Tuesday, November 07, 2006

An Old Bloke's Memories : Part Two

Max Hedt has provided some additional detail on this photo of the club's first glider, the T31 and some early club history.

The people in the T31 photo are Reg Stewart on the wing tip, waving "take up slack" and Tommy Thompson in the back seat. I Can't identify the driver in the front seat.

Judging by the trees and etc the photo was taken at our first "permanent site" at Lower Norton. This was on what was then Bill Walsh's property. This paddock was only used for grazing in those days as it was too wet for cropping. The site is across the Norton Creek, about 2 kilometers up along a bush track called the Smith Reserve Road, the turn off is on the south side of the Noradjuha road, about 5 kilometres from the Wimmera highway. Today there are still a couple of concrete blocks in the ground between the trees where we erected our first hangar. The trusses and materials from this hangar now comprise the middle bays of our small hangar on the airfield.

The club lasted at Walsh's for less than a year as it was a very wet area in winter and we were eventually washed out. We then moved to Alan Natrass's property at Kalkee on a temporary basis. While at Kalkee the club very nearly died as we were completely removed from the publics view and nobody knew we existed.

In mid September 1965 there was another move, this time on to Jim Molyneaux's property at Dooen. We removed the hangar from Lower Norton to Dooen where is was reassembled and extended. Immediately we moved to Molyneaux's we became very prominent along side the Henty Highway (Editors Note: I can remember stopping beside the highway while on a trip from Minyip to Horsham in the mid sixties to watch gliders being launched, I was about 4 at the time) and started to grow very rapidly.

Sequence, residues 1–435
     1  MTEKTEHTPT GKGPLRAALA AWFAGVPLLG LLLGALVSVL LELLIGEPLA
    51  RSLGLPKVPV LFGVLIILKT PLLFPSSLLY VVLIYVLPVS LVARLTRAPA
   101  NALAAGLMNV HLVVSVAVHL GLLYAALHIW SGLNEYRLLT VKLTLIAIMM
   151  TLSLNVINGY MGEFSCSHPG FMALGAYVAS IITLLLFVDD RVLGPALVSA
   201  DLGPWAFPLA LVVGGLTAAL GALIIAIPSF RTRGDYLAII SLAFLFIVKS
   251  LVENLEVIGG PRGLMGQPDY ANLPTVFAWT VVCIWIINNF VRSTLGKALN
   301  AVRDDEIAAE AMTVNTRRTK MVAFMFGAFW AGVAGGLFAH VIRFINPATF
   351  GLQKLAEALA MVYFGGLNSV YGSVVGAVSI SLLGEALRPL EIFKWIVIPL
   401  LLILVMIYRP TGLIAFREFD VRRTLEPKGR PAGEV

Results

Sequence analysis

Again we had to move, this time, after a lot of negotiation with the then Department of Civil Aviation, we moved into a permanent home on Horsham Aerodrome. There had been very strong opposition from a small group to us moving onto the aerodrome. But we did have some influential friends. Jimmy Green, the then Deputy Director of Civil Aviation to the Director, D.G. Anderson who was an old Waikerie boy, told me to my face while I was taking him back out to the airport after our negotiations had finished, "The D.G. has told me you are to go onto this bloody aerodrome and you had better make sure you make this bloody well work."

On the 14 October 1967, I have my first recorded glider flight at the Horsham Aerodrome. This was after we had moved from Jim Molyneaux's and again demolished and moved the hangar to it's present location. I often think that if we had similar exposure along the main highway in the years past we would have had much better success in attracting members but this would have been offset by the need to maintain our own field and would have meant much higher costs for any facilities.

I think there were about 3 hangars on the aerodrome when we moved there. Most of our members wanted to put the hangar fronting the taxiway. As there was already only limited room there, I convinced them to put the hangar in the present location. There was lots of room, to get our gliders out and mess around there without interfering with any other power traffic both then or in the foreseeable future. Facing the hangar to the east was also the best direction for our weather conditions. We put in the gate for our own use as the only access to the aerodrome in those days was via the terminal gates. The gate promptly got used as the main entrance by all and sundry around the aerodrome which has caused us a few minor problems. As it does to this day.

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